When President Cyril Ramaphosa sits down to brief a newly appointed Minister of International Relations and Development, he might wonder what to say.
Here are three suggestions which could help guide the conversation.
Strengthen diplomatic service
Extensive evidence suggests that a professional and well-trained diplomatic service is vital for the success of any country's foreign policy. During the Zuma presidency South Africa's diplomatic service has been aimless at best, and sometimes simply embarrassing.
Some of this has been caused by a failure to focus on the needs of professionals in the Department of International Relations and Cooperation. So, this will be a good place to start.
Since the Mandela presidency, transforming the diplomatic service has been a priority. This has succeeded in terms of racial equity, although some work remains to be done on gender equity. But this is not a straightforward issue. Not all countries are keen to receive women as foreign representatives.
Of course, this is no excuse: thinking and planning around this issue, especially at the managerial level, has to match the requirements for gender transformation within the country.
An effective diplomatic service needs a continuous training programme. Language and career-level training does take place within the department, but long-term career preparedness - from entry into the service to exiting it - has dropped away. Unfortunately, diplomatic training has been merged with policy planning , which has led to mission drift.
But the biggest obstacle to the development of a professional foreign service remains the issue of political appointments. All countries make these. But the operating principle is that they are limited, and made for strategic reasons - say, a well-connected individual appointed to a particular country to handle a specific issue.
In South Africa's case, though, this has gotten entirely out of hand. Estimates are that some 80% of senior positions in South African missions abroad are occupied by 'external non-career' appointees. Many are casualties of the squabbles within the ruling party, the African National Congress.
Whatever the reason, the outcome has placed limits on the career prospects of the professional diplomatic corps.
Even more worrying is that many of these appointments have been made without due diligence. In the past few years, the dodgy backgrounds of a number of senior appointees have come to the fore. Besides embarrassing the country, it has undermined the professionalism of career diplomats.
Making use of a public process to select heads of diplomatic missions - along the lines of the Judicial Services Commission for the appointment of judges may be a way forward on this issue.
Take BRICS seriously
The opportunities that the idea of BRICS - the grouping of Brazil, Russia, India, China and South Africa - offers the country is poorly understood. As a result, BRICS gets a bad press, especially in establishment foreign policy circles.
This is a mistake, and needs to be changed, because BRICS offers new ways to think about - and engage with - the rise of new powers in a changing world. For good or ill, the liberal global order that was established in the late 1940s has given way to new ways of managing world affairs.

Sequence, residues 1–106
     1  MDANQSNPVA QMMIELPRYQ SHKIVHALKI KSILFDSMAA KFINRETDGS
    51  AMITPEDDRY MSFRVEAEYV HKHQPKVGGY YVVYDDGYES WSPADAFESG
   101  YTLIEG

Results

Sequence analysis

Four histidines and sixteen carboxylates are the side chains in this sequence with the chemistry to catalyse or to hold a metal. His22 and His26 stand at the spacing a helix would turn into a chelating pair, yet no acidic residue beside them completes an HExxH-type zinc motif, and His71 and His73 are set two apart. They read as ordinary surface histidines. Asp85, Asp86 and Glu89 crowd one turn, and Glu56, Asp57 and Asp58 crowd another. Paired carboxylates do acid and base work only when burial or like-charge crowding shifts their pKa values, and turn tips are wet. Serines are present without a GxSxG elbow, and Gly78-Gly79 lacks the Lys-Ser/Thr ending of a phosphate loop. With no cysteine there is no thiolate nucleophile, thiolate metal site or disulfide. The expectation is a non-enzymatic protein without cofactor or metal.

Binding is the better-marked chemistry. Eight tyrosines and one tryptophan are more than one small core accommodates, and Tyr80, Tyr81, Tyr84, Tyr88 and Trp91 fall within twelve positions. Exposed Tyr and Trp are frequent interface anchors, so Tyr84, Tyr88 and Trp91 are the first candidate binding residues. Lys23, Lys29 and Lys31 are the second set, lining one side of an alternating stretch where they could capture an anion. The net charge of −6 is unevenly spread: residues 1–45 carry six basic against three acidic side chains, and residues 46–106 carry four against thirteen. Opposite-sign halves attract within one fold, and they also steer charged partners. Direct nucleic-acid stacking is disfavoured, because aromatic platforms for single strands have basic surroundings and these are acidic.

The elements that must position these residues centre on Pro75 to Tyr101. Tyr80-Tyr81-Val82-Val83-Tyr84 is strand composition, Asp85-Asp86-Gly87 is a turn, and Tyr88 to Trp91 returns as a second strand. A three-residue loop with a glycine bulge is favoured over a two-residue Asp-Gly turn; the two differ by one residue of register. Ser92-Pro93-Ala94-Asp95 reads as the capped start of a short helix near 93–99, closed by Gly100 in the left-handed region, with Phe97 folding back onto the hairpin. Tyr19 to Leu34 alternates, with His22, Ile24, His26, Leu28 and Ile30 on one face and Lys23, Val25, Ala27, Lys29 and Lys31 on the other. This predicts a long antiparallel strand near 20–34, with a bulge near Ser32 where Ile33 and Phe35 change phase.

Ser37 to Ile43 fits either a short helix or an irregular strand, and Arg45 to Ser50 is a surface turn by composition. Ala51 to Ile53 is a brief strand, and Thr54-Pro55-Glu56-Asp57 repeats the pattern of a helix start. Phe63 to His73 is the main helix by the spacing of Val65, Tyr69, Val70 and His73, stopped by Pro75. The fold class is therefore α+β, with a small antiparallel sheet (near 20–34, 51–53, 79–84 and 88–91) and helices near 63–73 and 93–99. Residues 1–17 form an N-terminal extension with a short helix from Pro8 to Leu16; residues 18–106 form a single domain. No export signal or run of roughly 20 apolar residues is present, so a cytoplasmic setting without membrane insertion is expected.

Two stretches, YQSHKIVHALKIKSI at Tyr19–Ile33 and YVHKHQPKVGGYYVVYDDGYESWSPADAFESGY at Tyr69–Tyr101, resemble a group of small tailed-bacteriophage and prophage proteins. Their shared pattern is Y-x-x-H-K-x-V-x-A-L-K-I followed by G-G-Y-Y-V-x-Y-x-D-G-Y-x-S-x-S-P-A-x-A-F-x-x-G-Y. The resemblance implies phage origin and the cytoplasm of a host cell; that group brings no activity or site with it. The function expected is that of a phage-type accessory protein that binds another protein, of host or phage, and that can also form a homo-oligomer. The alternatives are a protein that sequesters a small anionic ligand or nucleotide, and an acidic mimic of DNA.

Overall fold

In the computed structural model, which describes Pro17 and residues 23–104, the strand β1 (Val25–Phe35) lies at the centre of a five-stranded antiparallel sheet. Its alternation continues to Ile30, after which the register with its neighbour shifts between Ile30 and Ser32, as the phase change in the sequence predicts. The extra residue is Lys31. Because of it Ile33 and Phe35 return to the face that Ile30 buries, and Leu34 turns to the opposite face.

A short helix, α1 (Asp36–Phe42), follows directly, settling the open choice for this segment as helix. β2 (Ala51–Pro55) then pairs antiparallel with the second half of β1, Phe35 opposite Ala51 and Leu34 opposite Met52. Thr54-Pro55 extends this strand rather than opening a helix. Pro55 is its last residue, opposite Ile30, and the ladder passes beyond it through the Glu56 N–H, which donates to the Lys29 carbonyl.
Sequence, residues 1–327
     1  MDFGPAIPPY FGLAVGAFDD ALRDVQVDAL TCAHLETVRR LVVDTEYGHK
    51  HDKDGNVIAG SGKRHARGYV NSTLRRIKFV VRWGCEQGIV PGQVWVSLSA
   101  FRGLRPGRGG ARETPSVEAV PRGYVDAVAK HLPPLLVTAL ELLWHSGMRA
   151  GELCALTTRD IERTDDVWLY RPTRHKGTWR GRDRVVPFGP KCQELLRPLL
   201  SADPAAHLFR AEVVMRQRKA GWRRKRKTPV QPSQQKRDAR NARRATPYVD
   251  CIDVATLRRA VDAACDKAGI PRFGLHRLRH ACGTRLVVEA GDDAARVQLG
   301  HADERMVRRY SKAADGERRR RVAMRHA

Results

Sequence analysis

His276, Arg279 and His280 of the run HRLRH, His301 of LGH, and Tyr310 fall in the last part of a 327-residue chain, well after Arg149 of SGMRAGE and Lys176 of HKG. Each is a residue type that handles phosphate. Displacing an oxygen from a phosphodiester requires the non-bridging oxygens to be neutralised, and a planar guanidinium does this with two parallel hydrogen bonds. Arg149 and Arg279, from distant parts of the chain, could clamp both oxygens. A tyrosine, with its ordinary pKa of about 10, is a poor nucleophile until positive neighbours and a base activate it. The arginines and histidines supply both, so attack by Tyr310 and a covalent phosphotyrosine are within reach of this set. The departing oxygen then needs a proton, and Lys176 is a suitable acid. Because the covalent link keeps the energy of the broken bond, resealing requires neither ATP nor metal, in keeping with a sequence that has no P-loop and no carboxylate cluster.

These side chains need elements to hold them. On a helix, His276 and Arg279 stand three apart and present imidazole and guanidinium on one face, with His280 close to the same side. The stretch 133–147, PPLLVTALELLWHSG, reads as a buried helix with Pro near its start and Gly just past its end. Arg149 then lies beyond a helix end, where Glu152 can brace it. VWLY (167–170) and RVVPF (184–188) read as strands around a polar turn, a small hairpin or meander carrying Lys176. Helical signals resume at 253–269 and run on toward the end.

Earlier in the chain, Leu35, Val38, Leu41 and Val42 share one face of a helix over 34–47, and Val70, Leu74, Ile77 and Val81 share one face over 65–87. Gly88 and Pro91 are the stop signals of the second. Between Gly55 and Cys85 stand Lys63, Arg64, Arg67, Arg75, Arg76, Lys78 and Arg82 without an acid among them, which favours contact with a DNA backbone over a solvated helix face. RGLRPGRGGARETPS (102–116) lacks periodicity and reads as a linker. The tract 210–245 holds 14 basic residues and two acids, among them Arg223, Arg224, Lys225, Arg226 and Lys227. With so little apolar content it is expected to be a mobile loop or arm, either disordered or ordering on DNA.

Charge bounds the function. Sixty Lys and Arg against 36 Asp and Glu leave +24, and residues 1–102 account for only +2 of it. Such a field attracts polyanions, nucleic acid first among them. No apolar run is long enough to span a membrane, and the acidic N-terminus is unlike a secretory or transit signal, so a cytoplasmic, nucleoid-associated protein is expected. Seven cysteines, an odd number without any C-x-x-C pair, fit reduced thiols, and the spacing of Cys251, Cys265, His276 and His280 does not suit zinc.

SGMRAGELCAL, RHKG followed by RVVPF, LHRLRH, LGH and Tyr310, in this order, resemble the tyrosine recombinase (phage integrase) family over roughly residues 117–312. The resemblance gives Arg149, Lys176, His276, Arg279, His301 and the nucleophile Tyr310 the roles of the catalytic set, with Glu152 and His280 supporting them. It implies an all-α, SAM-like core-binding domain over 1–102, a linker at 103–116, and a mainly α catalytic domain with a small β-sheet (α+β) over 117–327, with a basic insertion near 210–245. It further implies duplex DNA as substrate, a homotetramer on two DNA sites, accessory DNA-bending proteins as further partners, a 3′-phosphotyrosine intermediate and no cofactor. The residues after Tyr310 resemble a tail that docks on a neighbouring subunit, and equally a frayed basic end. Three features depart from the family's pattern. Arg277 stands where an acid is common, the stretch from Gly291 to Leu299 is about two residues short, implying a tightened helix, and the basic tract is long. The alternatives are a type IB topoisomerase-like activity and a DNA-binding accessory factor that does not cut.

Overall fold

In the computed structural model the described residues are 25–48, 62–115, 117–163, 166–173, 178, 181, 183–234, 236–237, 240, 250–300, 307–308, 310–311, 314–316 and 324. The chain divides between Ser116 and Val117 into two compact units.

Many obstacles stand in the way of BRICS as a political project, but the idea has opened up a pathway to a non-Western-centred way of understanding international politics. South Africa can help to shape this new thinking about the future, which should draw on the spirit of the decolonisation debate.
The issue of where South Africa fits into BRICS and what this means for the world should be steered by a Minister (and Ministry) who understand that the country must help to make international rules, and not simply abide by them.
The region matters most
Southern Africa remains the formal focal point of the country's foreign policy. Unfortunately, this is not always acknowledged.
The politics of each individual country in the region weighs on the fate of this country. A simple measure of this is the number of citizens from the region who are living and working in South Africa.
The following example carries the point. In some circles, it is thought that millions of Zimbabwean are living in South Africa. The figures for the citizens of other countries in the region are probably in the same ballpark.
South Africa must respond to the migration issue by accommodation, not the fierce acrimony that has emerged elsewhere. The hard fact is that the country's borders cannot be sealed off from its neighbourhood, the only solution on offer by security-centred analysts who, unfortunately, dominate the debate about the region.
Foreign policy is not only about security: it is mostly about listening and understanding.
For the region to be at peace, South Africa has to recognise that the borders that divide its people are, after all, colonial constructs.
Foreign Policy begins at home
These three issues may seem banal - after all, the debates about South Africa's post-apartheid foreign policy have largely focused on big-ticket items like the African Renaissance, making peace in Africa, and reforming the United Nations.
But these high-flying ideas have missed an old truth, namely that foreign policy invariably begins closer to home.